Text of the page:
The Power of Prayer

Cornelius Hanko is an emeritus minister in the Protestant Reformed Churches.

A reader writes:

There is power in prayer. Prayer is a tool which God gave us, through which He blesses us. Does not prayer change us, change circumstances, and help others? Is it wrong for a group of saints to get together in prayer for a family in need, or when tragedy strikes, or when drought or sorrow hits us? Is it not better to present our cares to the Lord than to wring our hands in frustration for things we cannot change? Reference is made to James 5:13-18Ephesians 6:18, and I Peter 3:12, 5:7.


“Prayer changes things” is a familiar adage. This is taken to mean that prayer can heal the sick, avert a tragedy, bring an end to drought, or even prevent or deliver from the tragedies of war. This is understood to represent the real power of prayer, for, if this were not the case our prayers would be useless. With that in mind prayer chains and prayer groups are organized in order to stress before the Lord our needs or the needs of others. How this all fits in with the sovereign, unchangeable will of God who governs all of our lives is often a question. Also the passages of Scripture referred to are often misunderstood.

A superficial reading of the well-known passage inJames 5:14-17 would seem to substantiate the idea that prayer will heal the sick, at least in some cases. James teaches us: “Is any sick among you? let him call the elders of the church; and let them pray over him, anointing him with oil in the name of the Lord: and the prayer of faith shall save the sick, and the Lord shall raise him up; and if he have committed sins, they shall be forgiven him. Confess your faults one to another, and pray one for another, that ye may be healed. The effectual fervent prayer of a righteous man availeth much.”

We should notice that the entire context deals with the subject of affliction, so that the believers are urged to be patient as they endure the sufferings brought on them by the world. Thus in verse 13 James says: “Is any among you afflicted? Let him pray!” When the burden of affliction weighs heavily upon us we are encouraged to seek our strength in prayer. This, no doubt, can well include the idea of physical suffering, pain, infirmities, loss of dear ones, or other trials that become afflictions which are difficult to bear. In that case we must certainly seek our refuge in prayer.

James adds to that: “Is any sick among you?” The word for sick means literally “to be weak”. The same word is used in Rom. 4:19, “And being not weak in the faith”. Also in II Corinthians 12:10, “Therefore I take pleasure in infirmities, in reproaches, in necessities, in persecutions, in distresses for Christ’s sake (the very opposite situation of that referred to by James), for when I am weak, than am I strong.” See also II Corinthians 13:4, 9. In none of those passages does the word refer to physical ailments. The idea that James brings out is rather that the person is so burdened with his afflictions that he is spiritually weak. He can no longer properly pray for himself. In that case, let him call the elders to pray for him in the name of the Lord. It is true that there are times in our lives when we are physically ill or in such mental distress that prayer becomes difficult, but the fact remains that James is concerned about the spiritual welfare of the individual.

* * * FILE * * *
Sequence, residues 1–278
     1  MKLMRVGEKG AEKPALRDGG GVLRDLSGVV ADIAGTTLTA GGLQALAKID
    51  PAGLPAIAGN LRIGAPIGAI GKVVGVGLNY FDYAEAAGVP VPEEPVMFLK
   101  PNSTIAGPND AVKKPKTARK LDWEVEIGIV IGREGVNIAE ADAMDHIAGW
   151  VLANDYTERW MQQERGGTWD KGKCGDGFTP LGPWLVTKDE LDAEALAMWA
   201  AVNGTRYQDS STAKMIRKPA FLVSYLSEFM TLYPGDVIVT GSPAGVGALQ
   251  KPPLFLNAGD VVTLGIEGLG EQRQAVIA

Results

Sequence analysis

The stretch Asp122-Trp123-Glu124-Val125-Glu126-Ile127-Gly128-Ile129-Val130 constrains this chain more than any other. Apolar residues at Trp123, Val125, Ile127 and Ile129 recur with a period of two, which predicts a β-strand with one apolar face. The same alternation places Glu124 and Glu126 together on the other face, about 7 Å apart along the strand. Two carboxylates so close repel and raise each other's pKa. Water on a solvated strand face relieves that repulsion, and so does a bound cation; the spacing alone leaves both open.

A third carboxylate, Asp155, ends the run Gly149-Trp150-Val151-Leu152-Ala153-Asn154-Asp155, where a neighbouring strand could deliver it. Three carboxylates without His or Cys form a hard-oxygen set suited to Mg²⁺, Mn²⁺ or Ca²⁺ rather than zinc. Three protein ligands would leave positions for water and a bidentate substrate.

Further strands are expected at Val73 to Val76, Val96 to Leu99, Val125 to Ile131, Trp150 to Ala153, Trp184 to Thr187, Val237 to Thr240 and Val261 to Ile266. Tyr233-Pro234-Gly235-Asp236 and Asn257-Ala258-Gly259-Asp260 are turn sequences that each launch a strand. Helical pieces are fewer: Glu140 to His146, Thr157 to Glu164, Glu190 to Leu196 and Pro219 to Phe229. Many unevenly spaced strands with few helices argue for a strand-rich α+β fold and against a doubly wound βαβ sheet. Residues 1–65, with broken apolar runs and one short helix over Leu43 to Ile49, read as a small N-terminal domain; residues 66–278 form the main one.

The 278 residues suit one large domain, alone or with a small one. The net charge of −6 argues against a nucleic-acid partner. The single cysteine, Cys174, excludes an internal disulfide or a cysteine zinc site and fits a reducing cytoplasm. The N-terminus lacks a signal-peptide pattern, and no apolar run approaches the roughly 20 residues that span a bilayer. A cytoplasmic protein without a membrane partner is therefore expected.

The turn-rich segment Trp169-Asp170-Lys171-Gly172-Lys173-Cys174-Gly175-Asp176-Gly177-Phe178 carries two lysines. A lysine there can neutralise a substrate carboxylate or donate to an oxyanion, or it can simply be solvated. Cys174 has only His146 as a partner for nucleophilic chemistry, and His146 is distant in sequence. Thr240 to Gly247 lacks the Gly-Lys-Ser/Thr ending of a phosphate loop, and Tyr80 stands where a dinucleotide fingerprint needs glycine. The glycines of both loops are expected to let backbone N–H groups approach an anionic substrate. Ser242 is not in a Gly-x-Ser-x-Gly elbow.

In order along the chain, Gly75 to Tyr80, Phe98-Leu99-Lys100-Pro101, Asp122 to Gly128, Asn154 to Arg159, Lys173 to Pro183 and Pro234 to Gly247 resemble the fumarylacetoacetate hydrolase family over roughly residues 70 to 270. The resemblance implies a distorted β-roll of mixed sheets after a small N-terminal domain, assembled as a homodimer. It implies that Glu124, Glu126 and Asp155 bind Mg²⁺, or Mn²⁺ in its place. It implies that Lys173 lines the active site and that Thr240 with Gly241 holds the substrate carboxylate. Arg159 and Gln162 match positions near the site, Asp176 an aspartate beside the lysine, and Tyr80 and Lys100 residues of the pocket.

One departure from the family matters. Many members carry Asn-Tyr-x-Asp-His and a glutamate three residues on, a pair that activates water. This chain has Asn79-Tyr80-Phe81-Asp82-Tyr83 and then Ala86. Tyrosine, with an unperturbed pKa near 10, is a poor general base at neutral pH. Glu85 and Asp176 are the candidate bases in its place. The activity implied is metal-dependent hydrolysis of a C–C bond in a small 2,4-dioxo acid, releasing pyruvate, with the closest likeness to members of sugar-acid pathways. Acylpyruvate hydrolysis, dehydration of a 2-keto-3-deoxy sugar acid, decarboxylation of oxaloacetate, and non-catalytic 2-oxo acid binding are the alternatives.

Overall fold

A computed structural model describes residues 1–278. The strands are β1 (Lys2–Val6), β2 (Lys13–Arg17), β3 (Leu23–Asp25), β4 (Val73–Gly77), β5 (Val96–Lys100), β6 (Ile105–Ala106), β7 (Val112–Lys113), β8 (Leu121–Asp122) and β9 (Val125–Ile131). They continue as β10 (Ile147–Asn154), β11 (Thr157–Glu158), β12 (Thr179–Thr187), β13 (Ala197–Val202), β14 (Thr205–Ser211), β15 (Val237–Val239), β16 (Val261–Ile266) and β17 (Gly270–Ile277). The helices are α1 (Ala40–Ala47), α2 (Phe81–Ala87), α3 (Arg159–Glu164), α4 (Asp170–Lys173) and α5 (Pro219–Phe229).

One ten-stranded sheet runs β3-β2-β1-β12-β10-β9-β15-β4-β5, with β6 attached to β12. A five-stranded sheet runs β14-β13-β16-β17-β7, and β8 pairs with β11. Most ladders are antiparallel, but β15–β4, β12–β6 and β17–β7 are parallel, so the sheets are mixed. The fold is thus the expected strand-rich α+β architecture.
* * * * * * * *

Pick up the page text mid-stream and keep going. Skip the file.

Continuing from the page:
James goes on to say in verse 15 that more than likely sin enters into such a situation. “And if he have committed sins, it shall (upon prayer) be forgiven him.” Thus again in verse 16: “Confess your faults one to another, and pray for one another that ye may be healed (forgiven).”

It is in that context that James speaks of a “prayer of faith,” verse 15. Does a prayer of faith mean the confidence that whatever we persistently ask will also surely be granted us? Obviously not. A prayer of faith is a prayer that arises out of the true, saving faith of the child of God. This faith embraces God as the God of our salvation in Jesus Christ, who loves us, cares for us, provides for all of our needs as a father for his children, and withholds no good thing from those who fear Him. “He is able to do exceedingly abundantly above all that we ask or think,” Eph. 3:20. A prayer of faith is the same as praying in Jesus Name, on the basis of His atoning death, in the confidence that He even now intercedes for us before the throne.

Summing up, we can say that James teaches us that, whatever the cause may be, there are times in our lives when the trials become very severe. In times like that we must seek our refuge in prayer. But those trials may become so severe that we become troubled, despondent, even depressed, weak in the faith. In that case we must have others, particularly the elders of the church, pray for us. Often sinful desires, evil thoughts arise within us. We may speak foolishly in our distresses. Those sins must be confessed, and will also surely be forgiven. A prayer of faith will restore to a strong and sturdy faith, and will give assurance of God’s forgiving mercies.